Beyer Blinder Belle designs a Brooklyn headquarters for the Mark Morris Dance Group.
Jeff Hill -- Interior Design, 9/1/2001 12:00:00 AM
One of modern dance's brightest stars, Mark Morris has been shaking up the establishment for 20 years with his harmoniously eclectic works, which mix Eastern and Western cultures, traditional and avant-garde movement, and a variety of musical styles ranging from Baroque to punk rock. After years of working in a cramped Manhattan space, Morris finally has a state-of-the-art facility of his own in Fort Greene, Brooklyn, right across the street from the Brooklyn Academy of Music, where many of his dances have premiered. "In 1988, Mark Morris Dance Group began a three-year stint in Belgium as the official company of the Théâtre de la Monnaie," begins Michael Osso, director of development and marketing. "There we had access to our own studios, orchestra, and administrative offices. Upon returning to New York in 1991, we decided that we wanted to approximate that situation here, although no other nonrepertory company in the States had done so." Space in Manhattan proved prohibitively expensive, so the company turned to Brooklyn. Harvey Lichtenstein, the Executive Director of BAM, lent a helping hand. "Harvey was excited about our moving to Brooklyn and gave us a lot of assistance in finding the right situation," Osso continues. "The building we bought was owned by New York State, and there was a built-in stipulation that it could only serve as a cultural institution. This all worked to our advantage because the price had been set years ago and was very reasonable."
The New York-based firm Beyer Blinder Belle designed the 30,000-sq.-ft. facility for the company's new headquarters. Renowned for their historical restoration of Grand Central Terminal, the firm has also accomplished several high-profile projects on Manhattan's periphery, including Ellis Island and Governor's Island. "Beyer Blinder Belle seemed to really understand our mission," says Osso. "They created something specific to our needs." Those needs extend beyond the obvious program requirements of a dance company—studios, changing rooms, administrative offices, etc.—to encompass the company's impact on the surrounding community. "Our biggest objective," comments partner Fred Bland, "was to create a building which had a prominent role in downtown Brooklyn. We described this project as the phoenix rising, a light, almost white building signifying the rebirth of this part of Brooklyn and of the arts."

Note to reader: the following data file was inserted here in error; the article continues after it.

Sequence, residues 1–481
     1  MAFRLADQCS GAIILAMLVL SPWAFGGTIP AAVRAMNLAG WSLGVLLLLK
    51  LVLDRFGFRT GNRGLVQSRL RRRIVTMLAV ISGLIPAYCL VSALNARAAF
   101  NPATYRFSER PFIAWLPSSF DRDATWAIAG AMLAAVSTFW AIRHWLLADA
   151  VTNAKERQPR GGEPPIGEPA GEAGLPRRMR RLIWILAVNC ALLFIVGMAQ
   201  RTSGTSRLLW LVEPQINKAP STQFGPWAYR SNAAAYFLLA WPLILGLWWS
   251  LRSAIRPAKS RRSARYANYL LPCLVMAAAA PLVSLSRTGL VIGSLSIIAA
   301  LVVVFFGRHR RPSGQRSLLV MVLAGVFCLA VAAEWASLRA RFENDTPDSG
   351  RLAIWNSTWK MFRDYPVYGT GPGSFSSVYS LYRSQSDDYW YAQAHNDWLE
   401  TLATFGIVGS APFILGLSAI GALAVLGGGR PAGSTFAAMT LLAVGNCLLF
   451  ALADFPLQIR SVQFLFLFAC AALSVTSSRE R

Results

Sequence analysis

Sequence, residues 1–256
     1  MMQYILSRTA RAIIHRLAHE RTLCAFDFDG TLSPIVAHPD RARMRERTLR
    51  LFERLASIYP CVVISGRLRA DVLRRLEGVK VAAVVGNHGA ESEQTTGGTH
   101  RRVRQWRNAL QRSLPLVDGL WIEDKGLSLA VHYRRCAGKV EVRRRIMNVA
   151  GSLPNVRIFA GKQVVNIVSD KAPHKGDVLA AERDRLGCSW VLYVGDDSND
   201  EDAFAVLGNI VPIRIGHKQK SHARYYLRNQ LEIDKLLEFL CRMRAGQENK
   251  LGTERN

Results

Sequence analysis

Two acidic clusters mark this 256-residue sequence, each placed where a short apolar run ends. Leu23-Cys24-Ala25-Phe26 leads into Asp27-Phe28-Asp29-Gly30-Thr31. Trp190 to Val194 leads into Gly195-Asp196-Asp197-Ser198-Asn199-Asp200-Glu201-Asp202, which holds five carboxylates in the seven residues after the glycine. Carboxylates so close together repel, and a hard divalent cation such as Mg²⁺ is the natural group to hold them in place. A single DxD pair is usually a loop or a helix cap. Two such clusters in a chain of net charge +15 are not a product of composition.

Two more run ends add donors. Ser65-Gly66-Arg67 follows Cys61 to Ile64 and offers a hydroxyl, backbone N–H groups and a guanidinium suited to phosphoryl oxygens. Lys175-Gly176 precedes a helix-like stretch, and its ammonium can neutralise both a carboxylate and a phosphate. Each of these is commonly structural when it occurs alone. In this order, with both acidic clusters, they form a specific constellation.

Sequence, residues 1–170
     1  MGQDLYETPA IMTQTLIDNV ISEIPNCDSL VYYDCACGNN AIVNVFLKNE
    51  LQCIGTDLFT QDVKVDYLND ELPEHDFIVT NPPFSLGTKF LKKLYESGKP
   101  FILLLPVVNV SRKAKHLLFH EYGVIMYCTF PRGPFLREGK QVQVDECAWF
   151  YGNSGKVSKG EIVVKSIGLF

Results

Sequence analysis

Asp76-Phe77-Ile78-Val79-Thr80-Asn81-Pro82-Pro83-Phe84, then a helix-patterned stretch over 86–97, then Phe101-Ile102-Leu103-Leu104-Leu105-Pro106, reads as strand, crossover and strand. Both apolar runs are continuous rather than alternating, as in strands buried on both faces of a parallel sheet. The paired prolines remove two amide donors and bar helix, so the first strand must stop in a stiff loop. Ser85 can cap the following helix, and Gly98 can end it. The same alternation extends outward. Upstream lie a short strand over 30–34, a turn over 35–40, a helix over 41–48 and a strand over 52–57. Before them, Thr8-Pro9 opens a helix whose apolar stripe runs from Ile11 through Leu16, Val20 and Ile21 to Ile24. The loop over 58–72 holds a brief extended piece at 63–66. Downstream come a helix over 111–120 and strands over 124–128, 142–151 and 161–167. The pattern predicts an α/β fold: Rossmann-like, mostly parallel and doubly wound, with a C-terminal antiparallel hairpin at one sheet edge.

The architects retained only the first, steel level of an existing structure. The exterior skin is entirely new. Patterns of grids and lattices characterize both exterior and interior. "That may be a response to working so closely with Mark," Bland suggests. "I'm thinking of his sense of order, the way his choreography remains grounded in rational thought." The gridded fenestration plays an important role in the overall design conceptually as well as practically. "We worked hard to figure out how we could accommodate large windows," Bland continues. "By day, they admit natural light from the outside in which both dancers and staff can work, but by night they conversely emanate light from inside, like a beacon for the neighborhood."
Bland emphasizes that from the outset the building was to serve not only as a headquarters for Mark Morris, but also as a public building that would help revitalize a Brooklyn neighborhood which "had been going downhill for a generation." Osso concurs: "This is primarily a facility for Mark Morris, but we've wanted to open a dance school, to rent out space to smaller companies at modest cost, and to expand our education programs within the Brooklyn public schools." As such, the Mark Morris headquarters remains completely within the architectural purview that Beyer Blinder Belle has established for itself with stunning success. "Almost all of our work is focused on making life in the cities better," Bland observes. "It's urban, public, and democratic."